The Most Interesting New Filmmakers We Met in 2019

As always, a bold new batch of filmmakers stormed the screen in 2019, and they owned every possible genre from supernatural westerns to twee magical fantasies.

Rewind Filmmakers
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This article is part of our 2019 Rewind. Follow along as we explore the best and most interesting movies, shows, performances, and more from 2019.


Anticipation is a helluva drug. We all have our favorite filmmakers, and we all enjoy the time we spend contemplating and considering their next great piece of art. Like every other year, 2019 saw a slew of our most precious auteurs conjuring material worthy of their finest achievements. Claire Denis, Greta Gerwig, Martin Scorsese, Quentin Tarantino. Masters. It’s a delight to skip out of their screenings and hit Twitter with furious enthusiasm.

My preferred cinematic narcotic, however, are the new flavors I discover. As gratifying as The Irishman is, you know what you’re going to get from a chef like Scorsese. He’s going to deliver. The true treats are the Get Outs of this world; the movies that seemingly come from nowhere and sock you right in the jaw. God damn, what was that? There is nothing quite as delicious as the shock and awe of debut filmmakers.

2019 came out guns blazing during this year’s Sundance Film Festival, supplying a crop of badass new talent, and the year never quite let up after that. We saw seasoned actors take their seat behind the camera for the first time, young kids radicalizing the very form itself, and fresh perspectives screaming for attention.


Paul Downs Colaizzo (Brittany Runs A Marathon)

Brittany Runs A Marathon Shot

There is a version of Brittany Runs A Marathon filled with judgment, snark, and mockery for its lead and her conversion from apathetic party monster to self-care champion. Thankfully, writer/director Paul Downs Colaizzo brings his love for his real-world roommate’s transformation to the proceedings, and the film we get is an honest exploration of a doubt-filled dread most humans encounter at some point in their lives. Many don’t have the support to recover from such inner torment, and while Colaizzo never steers too far from giving the credit to the one who makes the radical alteration, his screenplay also salutes those that never surrender to the misery of their friend. Brittany Runs A Marathon delivers courage all around and it’s impossible to leave the film unmotivated to tackle your own festering concerns.


Josh Cooley (Toy Story 4)

Toy Story Shot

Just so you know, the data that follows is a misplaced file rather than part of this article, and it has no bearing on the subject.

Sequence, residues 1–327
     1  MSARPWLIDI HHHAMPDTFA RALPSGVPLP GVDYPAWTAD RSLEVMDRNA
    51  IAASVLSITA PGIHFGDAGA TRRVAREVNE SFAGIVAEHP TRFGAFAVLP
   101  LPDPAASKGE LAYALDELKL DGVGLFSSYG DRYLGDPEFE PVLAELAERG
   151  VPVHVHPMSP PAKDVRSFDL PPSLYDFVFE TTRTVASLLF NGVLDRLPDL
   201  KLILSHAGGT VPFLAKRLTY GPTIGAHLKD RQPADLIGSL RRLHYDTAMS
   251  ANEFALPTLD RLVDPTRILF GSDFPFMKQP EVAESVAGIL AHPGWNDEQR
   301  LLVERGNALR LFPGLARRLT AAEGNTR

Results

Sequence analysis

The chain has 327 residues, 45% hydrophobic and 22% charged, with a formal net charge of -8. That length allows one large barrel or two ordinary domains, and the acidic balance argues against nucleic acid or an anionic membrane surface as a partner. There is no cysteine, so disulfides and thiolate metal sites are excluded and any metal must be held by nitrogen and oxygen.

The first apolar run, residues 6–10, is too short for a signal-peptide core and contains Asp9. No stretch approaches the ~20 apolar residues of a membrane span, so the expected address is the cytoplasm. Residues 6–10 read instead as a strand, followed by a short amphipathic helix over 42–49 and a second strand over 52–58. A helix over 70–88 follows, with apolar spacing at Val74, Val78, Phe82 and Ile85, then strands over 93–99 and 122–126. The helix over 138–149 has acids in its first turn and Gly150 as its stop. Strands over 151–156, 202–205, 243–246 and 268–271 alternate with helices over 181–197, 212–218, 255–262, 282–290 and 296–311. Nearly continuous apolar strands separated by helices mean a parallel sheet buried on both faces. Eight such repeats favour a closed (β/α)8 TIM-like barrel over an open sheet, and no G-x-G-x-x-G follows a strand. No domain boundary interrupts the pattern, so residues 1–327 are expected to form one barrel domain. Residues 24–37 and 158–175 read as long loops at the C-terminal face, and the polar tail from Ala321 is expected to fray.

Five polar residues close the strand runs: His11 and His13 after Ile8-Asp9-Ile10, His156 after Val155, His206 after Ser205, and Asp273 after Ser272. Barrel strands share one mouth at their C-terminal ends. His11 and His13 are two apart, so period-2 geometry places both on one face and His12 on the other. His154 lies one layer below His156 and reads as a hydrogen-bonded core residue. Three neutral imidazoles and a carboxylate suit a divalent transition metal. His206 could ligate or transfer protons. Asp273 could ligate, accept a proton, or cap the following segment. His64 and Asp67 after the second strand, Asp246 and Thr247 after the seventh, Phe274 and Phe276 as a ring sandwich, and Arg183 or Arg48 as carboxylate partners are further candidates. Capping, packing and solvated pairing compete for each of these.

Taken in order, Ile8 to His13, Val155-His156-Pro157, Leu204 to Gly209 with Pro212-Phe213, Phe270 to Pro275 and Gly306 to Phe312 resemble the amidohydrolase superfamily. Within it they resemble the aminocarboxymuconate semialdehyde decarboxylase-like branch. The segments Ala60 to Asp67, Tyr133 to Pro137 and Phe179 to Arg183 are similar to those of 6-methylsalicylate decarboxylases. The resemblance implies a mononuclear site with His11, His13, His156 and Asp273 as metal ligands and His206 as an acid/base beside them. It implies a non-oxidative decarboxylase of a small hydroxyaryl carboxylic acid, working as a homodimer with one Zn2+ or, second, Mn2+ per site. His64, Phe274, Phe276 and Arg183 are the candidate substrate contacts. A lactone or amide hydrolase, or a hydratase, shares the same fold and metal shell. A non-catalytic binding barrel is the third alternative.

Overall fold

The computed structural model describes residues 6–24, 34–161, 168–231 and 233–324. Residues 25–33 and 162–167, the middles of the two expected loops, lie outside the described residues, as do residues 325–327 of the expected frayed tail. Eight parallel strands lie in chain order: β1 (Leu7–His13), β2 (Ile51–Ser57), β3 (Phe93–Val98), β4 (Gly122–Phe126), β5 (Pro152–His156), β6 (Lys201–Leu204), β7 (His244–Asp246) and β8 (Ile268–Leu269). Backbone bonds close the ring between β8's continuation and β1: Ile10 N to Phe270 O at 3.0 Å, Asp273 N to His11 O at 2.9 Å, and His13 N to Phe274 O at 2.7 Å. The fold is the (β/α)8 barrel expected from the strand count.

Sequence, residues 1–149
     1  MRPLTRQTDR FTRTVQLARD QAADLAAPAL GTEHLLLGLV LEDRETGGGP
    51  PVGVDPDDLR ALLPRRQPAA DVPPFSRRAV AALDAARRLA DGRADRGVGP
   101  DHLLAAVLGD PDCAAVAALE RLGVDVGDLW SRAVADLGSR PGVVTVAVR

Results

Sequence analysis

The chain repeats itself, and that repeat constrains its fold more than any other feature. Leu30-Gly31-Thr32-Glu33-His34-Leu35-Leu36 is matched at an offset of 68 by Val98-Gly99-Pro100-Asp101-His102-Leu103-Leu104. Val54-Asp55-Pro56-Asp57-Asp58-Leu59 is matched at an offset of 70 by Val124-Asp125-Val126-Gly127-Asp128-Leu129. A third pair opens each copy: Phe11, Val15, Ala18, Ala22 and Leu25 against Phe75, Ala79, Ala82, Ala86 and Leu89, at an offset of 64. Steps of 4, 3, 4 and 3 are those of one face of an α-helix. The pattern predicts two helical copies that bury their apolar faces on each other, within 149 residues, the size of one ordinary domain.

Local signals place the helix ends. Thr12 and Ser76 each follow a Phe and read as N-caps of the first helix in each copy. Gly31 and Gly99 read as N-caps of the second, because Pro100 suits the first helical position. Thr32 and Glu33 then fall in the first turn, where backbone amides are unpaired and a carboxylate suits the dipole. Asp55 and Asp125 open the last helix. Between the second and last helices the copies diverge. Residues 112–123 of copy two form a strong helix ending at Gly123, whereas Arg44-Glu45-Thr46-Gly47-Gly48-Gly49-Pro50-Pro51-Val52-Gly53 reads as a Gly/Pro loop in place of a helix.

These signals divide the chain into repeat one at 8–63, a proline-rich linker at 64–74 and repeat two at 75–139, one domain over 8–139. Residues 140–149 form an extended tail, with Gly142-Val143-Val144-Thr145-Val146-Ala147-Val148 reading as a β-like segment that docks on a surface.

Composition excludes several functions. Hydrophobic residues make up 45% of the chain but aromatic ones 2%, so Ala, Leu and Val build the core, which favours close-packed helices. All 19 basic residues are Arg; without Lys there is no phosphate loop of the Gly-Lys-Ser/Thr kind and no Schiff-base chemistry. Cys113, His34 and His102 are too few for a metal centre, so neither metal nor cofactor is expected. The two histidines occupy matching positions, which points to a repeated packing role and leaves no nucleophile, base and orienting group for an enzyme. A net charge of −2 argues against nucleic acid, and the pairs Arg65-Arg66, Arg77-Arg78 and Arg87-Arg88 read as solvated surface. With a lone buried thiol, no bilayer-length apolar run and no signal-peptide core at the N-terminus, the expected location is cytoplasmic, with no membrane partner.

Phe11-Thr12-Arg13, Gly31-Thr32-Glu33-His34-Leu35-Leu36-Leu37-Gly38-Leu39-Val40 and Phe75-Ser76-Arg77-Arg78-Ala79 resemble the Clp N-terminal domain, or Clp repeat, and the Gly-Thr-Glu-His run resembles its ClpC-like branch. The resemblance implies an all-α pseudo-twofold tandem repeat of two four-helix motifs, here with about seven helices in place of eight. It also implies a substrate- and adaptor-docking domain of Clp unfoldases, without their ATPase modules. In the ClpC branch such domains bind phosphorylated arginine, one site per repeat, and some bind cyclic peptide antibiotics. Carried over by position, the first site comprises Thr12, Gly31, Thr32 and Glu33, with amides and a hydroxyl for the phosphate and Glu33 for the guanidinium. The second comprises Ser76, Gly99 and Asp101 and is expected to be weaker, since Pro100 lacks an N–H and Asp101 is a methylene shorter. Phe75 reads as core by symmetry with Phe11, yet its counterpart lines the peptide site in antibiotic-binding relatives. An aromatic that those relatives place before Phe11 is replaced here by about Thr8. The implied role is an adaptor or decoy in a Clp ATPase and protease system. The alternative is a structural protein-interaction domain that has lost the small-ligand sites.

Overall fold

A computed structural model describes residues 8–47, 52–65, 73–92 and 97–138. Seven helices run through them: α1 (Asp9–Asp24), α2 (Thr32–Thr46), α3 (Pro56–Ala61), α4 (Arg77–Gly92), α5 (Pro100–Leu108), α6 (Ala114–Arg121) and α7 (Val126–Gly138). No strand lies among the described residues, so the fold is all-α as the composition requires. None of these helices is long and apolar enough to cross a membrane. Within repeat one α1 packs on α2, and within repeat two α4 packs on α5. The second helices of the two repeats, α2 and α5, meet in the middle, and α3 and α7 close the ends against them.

No one wanted or needed a Toy Story 4. The trilogy was perfect. The third film closed the door not just on Andy’s buddies, but on all of our childhoods. Shed a tear, but the cycle of imagination and play moves forever forward from teen to child. And yet, we should never doubt in Pixar, especially where this particular franchise is concerned. Josh Cooley, the head of story on Inside Out, joined John Lasseter as co-director on the fourth film, but when Lasseter had to bail…for reasons…Cooley took the reins on the sequel. Toy Story 4 boldly tackles a new era of toyhood for Woody (Tom Hanks), when one child does not require his assistance, but all children. Here we meet a cowboy in crisis, and through the help of an army of lost co-workers, he discovers a new purpose and gives confidence to those who turn from the known quantities of their lives only to embrace the wonder of new possibilities. Complacency is not the goal. Challenge breeds happiness.


Chiwetel Ejiofor (The Boy Who Harnessed The Wind)

Boy Who Harnessed The Wind Shot

In this lush and loving adaptation of William Kamkwamba’s heroic memoir, Chiwetel Ejiofor honors the ingenuity of a mind confined by circumstance. The young Kamkwamba (Maxwell Simba) refused to allow his people to be swallowed by economic, political, and natural disasters. When he finally gains access to the school library and applies his brain to the knowledge contained within one tiny book, Kamkwamba pulls his village from the brink of oblivion. Ejiofor’s film quietly reveals how the denial of educational resources is as tragically deadly as the denial of food. The Boy Who Harnessed The Wind is not some stern lesson or a handy two-hour guide to compassion and inspiration. No, the film is an exhilarating thriller of a mind deprived, and a race against an apocalypse.


Alma Har’el (Honey Boy)

Honey Boy Shot

Alma Har’el didn’t need Honey Boy, but Honey Boy certainly needed Alma Har’el. She spent the last decade devoted to propelling the artistry of the nonfiction narrative (see Bombay Beach!). All the skills she honed in that format come rushing to fruition in her semi-fictional narrative debut. On paper, Honey Boy reads like a potential self-care dumpster fire. Originally conceived as a form of therapy for Shia LaBeouf, the film dares to probe his crumbling psyche by splaying his unique childhood onto the butcher’s table that is the silver screen. There are many moments where the audience feels like they have snuck their way into his private therapy sessions, experiencing a deeply personal trauma as entertainment. If not for the deft and careful direction of Alma Har’el, Honey Boy might have transformed into either the worst kind of exploitative voyeurism or self-indulgent drivel. As is, Har’el and LaBeouf offer a warm, empathetic embrace of a film, one that operates as an intimate and relatable deconstruction of anguish. Honey Boy is a miracle movie. It is an idea I waded into with great trepidation, but celebrate afterward as a triumphant and unifying human work.